For all its visual splendour, The Way of Water is not meant for those with short-attention spans. Some sequences in this film spend a great deal of time underwater, so much so that some would find it verging on tedious. But there is a benefit to drawing some of these sequences out – it gives the viewer an opportunity to inhabit the psyche of the characters exploring these environments, and in turn experience what they are experiencing in real time. Such was my experience during the Lo’ak-Payakun sequences, which I found meditative and genuinely heart-warming – for a significant portion of the runtime, we are given an intimate view of the two characters bonding over their shared ordeals as outcasts.

Just as in Avatar, Cameron encourages us to position ourselves on the side of the protagonists. Although humans are supposedly colonizing Pandora for their survival (a tricky ethical subject), it becomes evident that the RDA is not entirely focused on this mission, but operate based on greed and a blatant lack of empathy. The writing is particularly clever in communicating this. Any writer can add a few scenes showing oppressors burning down villages or torturing people for little gain, what The Way of Water does is unique in how it incites an antipathy towards the human cause. What I found to be particularly effective was a scene where a tulkun is killed and has an orange liquid extracted from its cranial area. The liquid is revealed to be particularly potent, and it is implied that this is the result of the tulkun’s enlarged emotion centre, allowing the species to engage in artistic pursuits no different to that of humans. Here’s the best part – the liquid is revealed to be an extremely precious commodity, used to delay the aging process. Given the cost of acquiring this liquid, and the fact that it will likely only be available to a select few, what does this show, if not the vanity of a certain type of human existence?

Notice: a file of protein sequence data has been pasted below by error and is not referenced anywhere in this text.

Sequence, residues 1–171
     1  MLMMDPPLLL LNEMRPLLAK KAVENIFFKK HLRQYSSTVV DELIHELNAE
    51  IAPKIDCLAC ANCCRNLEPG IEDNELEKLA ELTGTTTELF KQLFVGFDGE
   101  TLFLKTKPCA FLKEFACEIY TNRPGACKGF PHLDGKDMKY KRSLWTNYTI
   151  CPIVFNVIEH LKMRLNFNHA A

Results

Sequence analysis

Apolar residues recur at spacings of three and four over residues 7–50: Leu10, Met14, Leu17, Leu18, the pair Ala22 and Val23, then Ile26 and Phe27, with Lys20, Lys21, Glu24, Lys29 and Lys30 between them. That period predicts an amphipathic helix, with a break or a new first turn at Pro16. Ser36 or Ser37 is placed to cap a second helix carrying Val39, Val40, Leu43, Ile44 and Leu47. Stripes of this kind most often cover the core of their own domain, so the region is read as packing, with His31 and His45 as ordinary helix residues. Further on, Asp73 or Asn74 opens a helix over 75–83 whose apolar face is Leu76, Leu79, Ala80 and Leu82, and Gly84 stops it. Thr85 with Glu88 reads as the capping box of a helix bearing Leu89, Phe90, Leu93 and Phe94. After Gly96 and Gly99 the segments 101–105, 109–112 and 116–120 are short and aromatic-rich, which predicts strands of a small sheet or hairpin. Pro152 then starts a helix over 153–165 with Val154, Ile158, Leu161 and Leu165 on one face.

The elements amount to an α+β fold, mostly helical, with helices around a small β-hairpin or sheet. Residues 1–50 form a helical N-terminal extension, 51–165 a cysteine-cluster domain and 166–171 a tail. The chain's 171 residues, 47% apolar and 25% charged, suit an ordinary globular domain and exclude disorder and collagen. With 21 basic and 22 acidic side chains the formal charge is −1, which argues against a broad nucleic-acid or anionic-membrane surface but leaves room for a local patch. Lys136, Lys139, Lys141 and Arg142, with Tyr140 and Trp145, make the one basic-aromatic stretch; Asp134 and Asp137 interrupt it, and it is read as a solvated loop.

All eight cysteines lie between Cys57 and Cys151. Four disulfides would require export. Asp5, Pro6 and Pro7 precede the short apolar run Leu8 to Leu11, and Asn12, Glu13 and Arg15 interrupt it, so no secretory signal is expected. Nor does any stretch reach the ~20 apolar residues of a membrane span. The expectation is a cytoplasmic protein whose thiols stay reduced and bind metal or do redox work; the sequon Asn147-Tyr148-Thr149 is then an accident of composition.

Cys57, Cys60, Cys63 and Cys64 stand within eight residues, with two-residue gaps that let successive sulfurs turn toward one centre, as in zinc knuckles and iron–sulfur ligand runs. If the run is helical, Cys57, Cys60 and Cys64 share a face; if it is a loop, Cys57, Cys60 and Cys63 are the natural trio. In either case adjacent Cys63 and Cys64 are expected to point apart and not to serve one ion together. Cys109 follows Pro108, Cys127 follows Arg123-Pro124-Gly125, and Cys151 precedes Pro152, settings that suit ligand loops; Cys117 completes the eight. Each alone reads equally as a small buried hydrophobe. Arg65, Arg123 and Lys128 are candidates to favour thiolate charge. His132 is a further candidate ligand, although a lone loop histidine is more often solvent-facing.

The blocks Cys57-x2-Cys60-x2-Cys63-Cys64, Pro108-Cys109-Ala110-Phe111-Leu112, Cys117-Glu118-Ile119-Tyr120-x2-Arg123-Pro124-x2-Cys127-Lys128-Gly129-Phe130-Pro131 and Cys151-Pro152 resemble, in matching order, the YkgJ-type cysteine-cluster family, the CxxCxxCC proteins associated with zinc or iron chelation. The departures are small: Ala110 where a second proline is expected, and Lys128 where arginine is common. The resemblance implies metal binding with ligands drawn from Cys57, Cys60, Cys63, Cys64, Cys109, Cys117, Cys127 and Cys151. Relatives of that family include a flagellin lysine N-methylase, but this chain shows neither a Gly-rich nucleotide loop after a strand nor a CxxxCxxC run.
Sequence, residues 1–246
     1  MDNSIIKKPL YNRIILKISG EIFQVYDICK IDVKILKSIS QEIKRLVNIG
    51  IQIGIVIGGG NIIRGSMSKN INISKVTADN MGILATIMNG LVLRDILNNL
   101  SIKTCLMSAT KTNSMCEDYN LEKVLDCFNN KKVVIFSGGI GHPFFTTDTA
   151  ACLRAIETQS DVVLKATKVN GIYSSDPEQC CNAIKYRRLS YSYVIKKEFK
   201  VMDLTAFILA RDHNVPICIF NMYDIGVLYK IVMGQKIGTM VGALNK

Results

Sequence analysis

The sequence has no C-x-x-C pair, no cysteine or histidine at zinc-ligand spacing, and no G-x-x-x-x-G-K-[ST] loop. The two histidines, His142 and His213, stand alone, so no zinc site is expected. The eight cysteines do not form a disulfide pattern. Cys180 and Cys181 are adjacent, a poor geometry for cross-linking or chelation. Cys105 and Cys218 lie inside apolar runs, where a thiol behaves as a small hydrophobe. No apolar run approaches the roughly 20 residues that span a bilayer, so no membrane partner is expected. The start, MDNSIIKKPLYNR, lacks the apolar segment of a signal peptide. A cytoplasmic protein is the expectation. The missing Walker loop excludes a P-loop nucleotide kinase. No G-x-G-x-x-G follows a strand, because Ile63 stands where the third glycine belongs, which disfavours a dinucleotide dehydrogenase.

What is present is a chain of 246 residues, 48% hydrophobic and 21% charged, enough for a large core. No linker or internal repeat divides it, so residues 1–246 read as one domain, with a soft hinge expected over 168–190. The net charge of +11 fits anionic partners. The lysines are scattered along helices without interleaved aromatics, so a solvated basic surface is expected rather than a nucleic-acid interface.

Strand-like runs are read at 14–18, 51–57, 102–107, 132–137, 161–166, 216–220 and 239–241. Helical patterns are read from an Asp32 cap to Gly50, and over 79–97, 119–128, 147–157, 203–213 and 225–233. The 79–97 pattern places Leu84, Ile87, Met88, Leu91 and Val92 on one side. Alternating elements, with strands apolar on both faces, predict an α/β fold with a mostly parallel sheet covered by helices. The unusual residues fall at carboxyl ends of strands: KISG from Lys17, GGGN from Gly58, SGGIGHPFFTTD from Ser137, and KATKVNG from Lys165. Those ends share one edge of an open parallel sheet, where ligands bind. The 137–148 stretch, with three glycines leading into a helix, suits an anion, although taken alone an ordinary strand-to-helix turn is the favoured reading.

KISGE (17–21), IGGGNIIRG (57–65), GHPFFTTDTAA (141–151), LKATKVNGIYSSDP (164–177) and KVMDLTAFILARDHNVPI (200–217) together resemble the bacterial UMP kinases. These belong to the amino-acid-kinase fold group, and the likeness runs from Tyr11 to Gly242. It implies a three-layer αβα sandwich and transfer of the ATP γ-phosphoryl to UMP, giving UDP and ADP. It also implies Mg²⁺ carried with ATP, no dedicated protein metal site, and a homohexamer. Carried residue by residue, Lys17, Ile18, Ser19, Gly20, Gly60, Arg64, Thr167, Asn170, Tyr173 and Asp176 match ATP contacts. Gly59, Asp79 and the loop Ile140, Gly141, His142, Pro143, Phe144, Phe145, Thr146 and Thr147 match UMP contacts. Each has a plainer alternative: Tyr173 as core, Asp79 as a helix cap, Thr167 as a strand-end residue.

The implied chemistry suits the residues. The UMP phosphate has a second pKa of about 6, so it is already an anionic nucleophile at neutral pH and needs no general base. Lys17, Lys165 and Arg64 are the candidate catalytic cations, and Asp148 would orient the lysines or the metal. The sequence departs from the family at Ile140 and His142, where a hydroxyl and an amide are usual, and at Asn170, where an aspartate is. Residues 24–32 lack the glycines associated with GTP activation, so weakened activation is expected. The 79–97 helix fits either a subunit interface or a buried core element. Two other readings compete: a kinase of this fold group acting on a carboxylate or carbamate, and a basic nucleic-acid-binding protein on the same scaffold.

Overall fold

That being said, I would not view The Way of Water as highly as I do if there were not also a bit of nuance in the film’s exploration of good and bad. The film reminds us that no clan or species is perfect – all are prone to bickering amongst themselves, and all are prone to losing their way. The saying, “violence breeds violence” is an idea that is frequently thrown around in this film, but what is made clear to us is how quickly these words lose meaning in cases of war, and how quickly we can come to resemble the enemies we are fighting against. “Violence breeds violence” is also an idea made all the more complex when taking strong emotions, such as grief, into consideration. A key character (whose name I will not mention) delivers an exceptionally riveting performance that got me to question whether one actually has the right to judge those who have just had their world taken from them.

Avatar: The Way of Water is just as epic, grand and exhilarating as it is philosophical. It displays all of the passion and sophistication of an opera, and yet retains many of the crowd-pleasing elements of a blockbuster. While ambition of this degree has sunk many a film in the past, The Way of Water not only stays afloat, but impresses.

9.5/10

Viewed at Golden Apple Cinema, RGB Liptov, Liptovský Mikuláš, Slovakia
Written by Ashley Roohizadegan
Ashley Roohizadegan